Advanced Television

Viasat, Inmarsat wrap merger

June 1, 2023

By Chris Forrester

After a long-drawn out series of competition investigations over the past 18 months, Viasat has finally wrapped its planned merger with Inmarsat. The deal represents the biggest satellite industry consolidation since SES acquired GE Americom back in November 2001 (which cost SES $5 billion at the time).

This Viasat deal is more complex given that its impact will be felt amongst some important – and growing – segments of the satellite industry.

The November 2021 deal valuation of $7.3 billion ($815 million in cash, $3.1 billion in Viasat stock and Viasat’s assumption of $3.4 billion in Inmarsat debt) has had to be modified somewhat, and the final invoice had a closing value of slightly more than $6.3 billion after accounting for the 31.6 per cent drop in Viasat’s stock value and matters such as the US dollar and Pound sterling fluctuations.

It also means that Viasat now owns a significant slice of the world’s aircraft communications and a near-total control of the world’s maritime fleets and their sat-coms demands.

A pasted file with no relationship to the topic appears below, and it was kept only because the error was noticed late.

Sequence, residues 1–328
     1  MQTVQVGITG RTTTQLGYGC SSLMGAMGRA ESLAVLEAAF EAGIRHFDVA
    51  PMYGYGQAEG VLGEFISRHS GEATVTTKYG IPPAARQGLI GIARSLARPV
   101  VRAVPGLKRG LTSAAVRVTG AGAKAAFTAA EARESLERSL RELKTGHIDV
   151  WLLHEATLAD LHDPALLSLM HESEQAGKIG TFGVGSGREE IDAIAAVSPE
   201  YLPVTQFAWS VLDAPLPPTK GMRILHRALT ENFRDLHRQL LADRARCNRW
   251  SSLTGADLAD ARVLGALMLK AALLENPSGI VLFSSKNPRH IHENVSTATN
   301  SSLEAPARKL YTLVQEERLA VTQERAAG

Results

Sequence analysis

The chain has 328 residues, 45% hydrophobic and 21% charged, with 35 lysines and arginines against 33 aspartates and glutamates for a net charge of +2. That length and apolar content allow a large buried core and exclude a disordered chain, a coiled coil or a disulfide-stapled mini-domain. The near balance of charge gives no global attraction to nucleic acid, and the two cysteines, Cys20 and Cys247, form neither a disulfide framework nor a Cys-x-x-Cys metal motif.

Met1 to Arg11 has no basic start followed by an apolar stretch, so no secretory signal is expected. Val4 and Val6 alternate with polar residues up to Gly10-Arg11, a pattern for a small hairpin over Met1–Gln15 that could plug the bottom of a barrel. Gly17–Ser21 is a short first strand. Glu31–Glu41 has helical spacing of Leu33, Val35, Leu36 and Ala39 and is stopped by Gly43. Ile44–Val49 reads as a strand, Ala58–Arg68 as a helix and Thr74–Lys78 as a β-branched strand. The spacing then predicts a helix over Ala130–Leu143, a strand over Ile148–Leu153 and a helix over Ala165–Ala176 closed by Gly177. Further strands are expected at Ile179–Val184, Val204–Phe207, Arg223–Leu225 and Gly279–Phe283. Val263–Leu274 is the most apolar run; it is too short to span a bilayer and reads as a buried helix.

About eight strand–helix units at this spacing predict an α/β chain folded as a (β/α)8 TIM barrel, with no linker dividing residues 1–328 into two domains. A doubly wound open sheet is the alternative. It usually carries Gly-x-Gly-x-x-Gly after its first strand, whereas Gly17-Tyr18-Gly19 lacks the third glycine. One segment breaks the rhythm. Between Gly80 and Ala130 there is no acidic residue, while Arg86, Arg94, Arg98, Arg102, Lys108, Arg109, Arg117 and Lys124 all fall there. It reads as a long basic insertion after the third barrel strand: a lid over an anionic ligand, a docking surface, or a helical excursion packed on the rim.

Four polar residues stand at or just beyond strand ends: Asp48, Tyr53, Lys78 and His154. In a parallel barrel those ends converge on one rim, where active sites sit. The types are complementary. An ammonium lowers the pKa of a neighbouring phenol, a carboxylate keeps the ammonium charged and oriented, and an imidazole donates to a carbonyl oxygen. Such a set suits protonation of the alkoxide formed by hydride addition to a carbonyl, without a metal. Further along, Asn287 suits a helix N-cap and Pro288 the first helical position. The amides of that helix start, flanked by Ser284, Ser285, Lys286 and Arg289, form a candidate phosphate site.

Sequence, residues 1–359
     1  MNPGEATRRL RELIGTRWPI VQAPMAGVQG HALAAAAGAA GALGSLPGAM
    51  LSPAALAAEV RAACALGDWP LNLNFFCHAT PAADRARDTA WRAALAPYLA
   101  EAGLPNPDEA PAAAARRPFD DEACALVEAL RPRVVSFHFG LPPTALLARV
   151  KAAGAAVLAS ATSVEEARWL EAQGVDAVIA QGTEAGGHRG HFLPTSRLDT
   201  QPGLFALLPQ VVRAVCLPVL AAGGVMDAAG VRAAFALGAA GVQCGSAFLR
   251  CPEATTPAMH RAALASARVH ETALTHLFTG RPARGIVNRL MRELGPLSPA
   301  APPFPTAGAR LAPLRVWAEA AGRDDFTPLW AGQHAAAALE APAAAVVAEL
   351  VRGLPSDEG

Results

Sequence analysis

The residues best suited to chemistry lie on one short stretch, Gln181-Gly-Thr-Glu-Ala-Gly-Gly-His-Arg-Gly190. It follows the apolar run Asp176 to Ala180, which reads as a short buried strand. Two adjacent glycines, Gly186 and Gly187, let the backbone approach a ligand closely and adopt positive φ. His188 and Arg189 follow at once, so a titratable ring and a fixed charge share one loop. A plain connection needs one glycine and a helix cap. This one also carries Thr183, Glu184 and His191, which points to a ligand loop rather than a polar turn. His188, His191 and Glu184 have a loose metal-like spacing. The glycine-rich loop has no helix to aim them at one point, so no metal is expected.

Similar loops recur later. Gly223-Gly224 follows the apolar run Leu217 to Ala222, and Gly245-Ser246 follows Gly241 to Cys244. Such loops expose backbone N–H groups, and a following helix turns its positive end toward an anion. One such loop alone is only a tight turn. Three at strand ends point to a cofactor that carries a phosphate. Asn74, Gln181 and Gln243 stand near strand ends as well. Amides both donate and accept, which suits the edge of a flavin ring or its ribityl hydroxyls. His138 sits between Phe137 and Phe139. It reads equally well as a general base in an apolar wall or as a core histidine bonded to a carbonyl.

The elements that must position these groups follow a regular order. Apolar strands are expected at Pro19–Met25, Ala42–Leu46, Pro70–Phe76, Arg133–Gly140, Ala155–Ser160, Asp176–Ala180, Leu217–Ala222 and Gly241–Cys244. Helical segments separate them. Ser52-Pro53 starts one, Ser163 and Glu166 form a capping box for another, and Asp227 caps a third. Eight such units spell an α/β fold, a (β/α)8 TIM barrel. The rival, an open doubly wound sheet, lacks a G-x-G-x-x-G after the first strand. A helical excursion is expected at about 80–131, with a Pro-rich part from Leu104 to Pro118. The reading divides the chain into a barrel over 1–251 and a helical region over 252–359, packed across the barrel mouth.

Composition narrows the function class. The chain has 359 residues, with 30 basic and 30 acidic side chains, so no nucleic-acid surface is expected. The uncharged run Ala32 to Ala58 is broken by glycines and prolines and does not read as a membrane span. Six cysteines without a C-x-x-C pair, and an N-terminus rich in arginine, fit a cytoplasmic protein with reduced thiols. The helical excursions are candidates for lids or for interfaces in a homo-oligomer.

The deal brings together two powerful players in the geostationary satellite world. However, it is also worth cautioning the deal by saying that competition in Viasat’s key satellite broadband from a growing number of Low Earth orbiting players (Starlink, O3b, OneWeb, the EU, Rivada, Telesat and the potential from Amazon’s Kuiper, plus Chinese and Russian deployments) could impact that growth.

In a statement, Viasat confirmed that its new global international business will be based in London, while the company’s HQ will remain in Carlsbad, California. Inmarsat’s most senior directors will join the Viasat board.

Britain’s minister of Science, Innovation and Technology, George Freeman, commented: “Satellite communications is a hugely significant and strategic global market for the UK space sector, now poised for an exciting next phase. The combination of Viasat and Inmarsat creates a global leader in satellite communications here in the UK. It brings significant investment, hundreds of new highly skilled jobs and will serve as a catalyst for substantial economic growth. Having met both companies, I look forward to working with them as we use the U.K.’s regulatory freedom and leadership to support advanced technologies to boost the space economy’s productivity, profitability and sustainability.”

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